Despite all the clamoring and buzzing about some of last weekend’s more, um, provocative and controversial moments, the most memorable sermon for me this General Conference was delivered by Elder Todd Christofferson. Entitled “Reflections on a Consecrated Life,” this talk poses and answers some profound questions that, in my view, get much closer to the heart of Mormonism than arguments about the mutability of sexual orientation, nature/nurture, prophets and politics, &c, &c.
At issue is the question: what does it mean to consecrate one’s life and self to God, and how is it to be done? Elder Christofferson frames this question at the outset as central to God’s plan for His children. Working out the implications of this question as individuals, as families, and as a society/Kingdom, on a day to day basis, is the very raw material in reference to which all the great questions are answered. He refers to a line from the famous Church produced film, Man’s Search for Happiness, to outline the foundational premises for the rest of the sermon:
Life offers you two precious gifts. One is time, the other, freedom of choice…
We have time. And as intelligent, self-aware beings with certain means at out disposal (bodies, abilities, material possessions, relationships, etc.) we have a degree of freedom to choose how we will spend that time. That we are constantly making such choices, and the specific choices we make, raise important questions for a people set on living eternally (that is, having unlimited time) with increased means and creative possibilities at our disposal. Elder Christofferson raises such concerns up front, as a backdrop for offering counsel on living a consecrated life. Will we be held to account for how we spent our time and managed our means? How can an agent with free will “choose good over evil?” How, in this cultural and historical moment, can we discern between “happiness”—the “joy” spoken of in scripture, which does not “fade with the lights and the music and the crowds”—and mere “amusement?” How do the choices we make now affect the consequences we experience in the eternities?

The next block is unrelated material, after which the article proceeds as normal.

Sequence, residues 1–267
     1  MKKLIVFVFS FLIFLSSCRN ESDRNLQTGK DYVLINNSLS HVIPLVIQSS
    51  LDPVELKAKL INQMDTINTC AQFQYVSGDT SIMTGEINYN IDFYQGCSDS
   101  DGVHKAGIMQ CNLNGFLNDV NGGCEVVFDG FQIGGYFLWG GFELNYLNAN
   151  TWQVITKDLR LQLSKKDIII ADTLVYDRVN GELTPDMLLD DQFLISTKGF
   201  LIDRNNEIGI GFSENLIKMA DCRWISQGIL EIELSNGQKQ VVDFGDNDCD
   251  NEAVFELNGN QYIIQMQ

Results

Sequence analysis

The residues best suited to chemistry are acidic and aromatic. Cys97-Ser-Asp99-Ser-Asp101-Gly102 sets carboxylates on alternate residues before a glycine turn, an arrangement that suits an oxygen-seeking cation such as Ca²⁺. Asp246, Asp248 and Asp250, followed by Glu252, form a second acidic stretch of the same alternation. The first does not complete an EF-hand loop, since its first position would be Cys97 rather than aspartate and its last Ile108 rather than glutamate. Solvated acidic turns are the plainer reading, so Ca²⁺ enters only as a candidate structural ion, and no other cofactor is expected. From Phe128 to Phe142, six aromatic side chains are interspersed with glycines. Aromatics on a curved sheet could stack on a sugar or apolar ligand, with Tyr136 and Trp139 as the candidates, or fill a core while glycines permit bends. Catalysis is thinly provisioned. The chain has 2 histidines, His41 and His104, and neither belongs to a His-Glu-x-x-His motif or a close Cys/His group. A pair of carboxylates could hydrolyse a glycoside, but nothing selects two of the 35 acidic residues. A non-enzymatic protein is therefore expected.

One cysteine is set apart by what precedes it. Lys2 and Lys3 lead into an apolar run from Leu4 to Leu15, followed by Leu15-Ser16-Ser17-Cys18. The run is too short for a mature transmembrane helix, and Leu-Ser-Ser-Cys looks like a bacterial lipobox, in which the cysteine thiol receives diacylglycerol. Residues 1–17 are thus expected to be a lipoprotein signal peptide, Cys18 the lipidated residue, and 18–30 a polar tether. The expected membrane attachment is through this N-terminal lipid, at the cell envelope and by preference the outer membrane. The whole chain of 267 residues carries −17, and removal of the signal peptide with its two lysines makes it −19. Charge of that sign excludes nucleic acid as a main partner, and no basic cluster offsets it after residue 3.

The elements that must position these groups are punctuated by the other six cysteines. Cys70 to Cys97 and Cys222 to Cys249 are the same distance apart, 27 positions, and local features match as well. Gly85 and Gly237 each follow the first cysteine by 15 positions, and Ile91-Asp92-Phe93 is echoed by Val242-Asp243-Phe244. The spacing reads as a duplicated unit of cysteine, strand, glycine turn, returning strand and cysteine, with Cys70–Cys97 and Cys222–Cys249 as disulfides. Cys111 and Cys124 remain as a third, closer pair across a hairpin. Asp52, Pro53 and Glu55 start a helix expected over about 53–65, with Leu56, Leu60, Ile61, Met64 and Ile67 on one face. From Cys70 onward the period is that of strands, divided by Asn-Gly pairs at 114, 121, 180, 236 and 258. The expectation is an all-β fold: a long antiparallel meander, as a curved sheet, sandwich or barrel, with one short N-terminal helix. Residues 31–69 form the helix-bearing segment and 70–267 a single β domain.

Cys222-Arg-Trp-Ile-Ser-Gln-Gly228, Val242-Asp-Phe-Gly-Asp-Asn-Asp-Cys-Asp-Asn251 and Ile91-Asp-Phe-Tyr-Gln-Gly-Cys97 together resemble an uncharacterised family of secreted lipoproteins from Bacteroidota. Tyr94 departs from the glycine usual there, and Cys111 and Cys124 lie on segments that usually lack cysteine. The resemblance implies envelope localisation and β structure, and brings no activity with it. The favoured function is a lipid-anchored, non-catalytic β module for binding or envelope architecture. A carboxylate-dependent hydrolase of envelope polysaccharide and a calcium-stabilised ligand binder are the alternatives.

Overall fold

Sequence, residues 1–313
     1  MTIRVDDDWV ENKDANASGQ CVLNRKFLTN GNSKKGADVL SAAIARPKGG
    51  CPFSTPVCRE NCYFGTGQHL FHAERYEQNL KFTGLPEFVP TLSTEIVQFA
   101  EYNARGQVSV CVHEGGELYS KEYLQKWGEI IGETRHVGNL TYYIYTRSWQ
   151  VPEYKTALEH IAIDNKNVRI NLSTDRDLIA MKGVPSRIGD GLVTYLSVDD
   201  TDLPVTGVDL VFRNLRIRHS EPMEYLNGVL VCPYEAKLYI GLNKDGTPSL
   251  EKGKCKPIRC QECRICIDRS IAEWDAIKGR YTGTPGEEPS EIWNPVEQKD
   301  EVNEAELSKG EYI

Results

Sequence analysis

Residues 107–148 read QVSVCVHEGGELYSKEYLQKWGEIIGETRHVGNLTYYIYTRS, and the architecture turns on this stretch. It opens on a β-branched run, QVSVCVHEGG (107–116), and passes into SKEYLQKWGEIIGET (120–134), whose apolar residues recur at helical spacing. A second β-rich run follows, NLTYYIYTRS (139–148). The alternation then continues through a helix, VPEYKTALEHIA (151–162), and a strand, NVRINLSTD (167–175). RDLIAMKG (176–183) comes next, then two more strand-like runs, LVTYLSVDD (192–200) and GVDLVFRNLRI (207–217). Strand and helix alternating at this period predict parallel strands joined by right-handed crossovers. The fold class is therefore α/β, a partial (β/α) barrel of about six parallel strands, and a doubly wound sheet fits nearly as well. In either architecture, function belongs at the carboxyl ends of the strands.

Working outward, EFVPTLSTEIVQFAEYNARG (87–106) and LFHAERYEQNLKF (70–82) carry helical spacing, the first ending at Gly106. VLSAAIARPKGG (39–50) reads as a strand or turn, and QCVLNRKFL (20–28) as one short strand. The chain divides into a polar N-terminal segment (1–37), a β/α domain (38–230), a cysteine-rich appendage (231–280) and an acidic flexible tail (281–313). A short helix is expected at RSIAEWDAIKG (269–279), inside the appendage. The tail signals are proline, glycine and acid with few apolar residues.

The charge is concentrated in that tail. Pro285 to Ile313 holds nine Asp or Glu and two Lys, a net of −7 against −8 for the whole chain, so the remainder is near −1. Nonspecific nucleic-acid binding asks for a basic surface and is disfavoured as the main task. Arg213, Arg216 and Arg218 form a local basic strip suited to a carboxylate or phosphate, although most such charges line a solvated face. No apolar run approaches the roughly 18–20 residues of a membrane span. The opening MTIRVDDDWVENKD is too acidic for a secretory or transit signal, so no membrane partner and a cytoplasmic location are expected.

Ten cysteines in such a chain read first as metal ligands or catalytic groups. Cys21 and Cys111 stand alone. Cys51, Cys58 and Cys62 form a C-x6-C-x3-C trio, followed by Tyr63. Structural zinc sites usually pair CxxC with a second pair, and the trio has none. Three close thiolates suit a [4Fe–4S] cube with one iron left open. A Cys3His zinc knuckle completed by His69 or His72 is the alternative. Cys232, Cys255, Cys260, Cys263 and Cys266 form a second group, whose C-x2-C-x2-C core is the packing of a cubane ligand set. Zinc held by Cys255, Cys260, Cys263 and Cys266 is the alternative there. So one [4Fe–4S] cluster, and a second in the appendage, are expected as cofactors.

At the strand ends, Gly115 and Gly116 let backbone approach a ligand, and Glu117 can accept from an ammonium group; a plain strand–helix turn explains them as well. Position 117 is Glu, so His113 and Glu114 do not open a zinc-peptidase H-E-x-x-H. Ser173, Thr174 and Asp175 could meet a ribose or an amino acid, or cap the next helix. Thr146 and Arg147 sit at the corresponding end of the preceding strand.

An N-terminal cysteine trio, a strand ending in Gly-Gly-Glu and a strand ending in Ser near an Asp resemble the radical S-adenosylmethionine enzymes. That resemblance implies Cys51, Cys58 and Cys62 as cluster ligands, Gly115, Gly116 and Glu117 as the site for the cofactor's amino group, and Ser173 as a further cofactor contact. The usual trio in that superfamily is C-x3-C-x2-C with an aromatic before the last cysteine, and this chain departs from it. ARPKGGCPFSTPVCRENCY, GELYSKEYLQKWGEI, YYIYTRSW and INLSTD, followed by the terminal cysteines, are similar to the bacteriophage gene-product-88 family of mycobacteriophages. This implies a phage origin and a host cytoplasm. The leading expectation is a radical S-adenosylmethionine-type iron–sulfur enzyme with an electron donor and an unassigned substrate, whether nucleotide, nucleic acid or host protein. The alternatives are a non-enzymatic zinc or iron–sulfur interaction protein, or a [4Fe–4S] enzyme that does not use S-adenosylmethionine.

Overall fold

Noting that the term consecration in Mormon parlance typically calls to mind the Law of Consecration and carries strong, overtly economic overtones, Elder Christofferson reminds us that consecration is primarily about a mixing of worlds, a difficult mingling of the thisworldly with the otherworldly, an incursion of the sacred into the profane: “an application of celestial law to life here and now.” Here it is worth noting that the duty of consecration emerges from the process of making covenants, of accepting obligations that have eternal implication and everlasting consequence. Formally making such covenants in a very real and literal sense marks a transition from living exclusively in this world to living in the eternal world. Life in the eternal world begins here, and begins in earnest at the moment when we accept binding obligations which carry force in the eternities. “God’s purposes” for us, Elder Christofferson reminds us, are eternal, involving our “highest destiny.”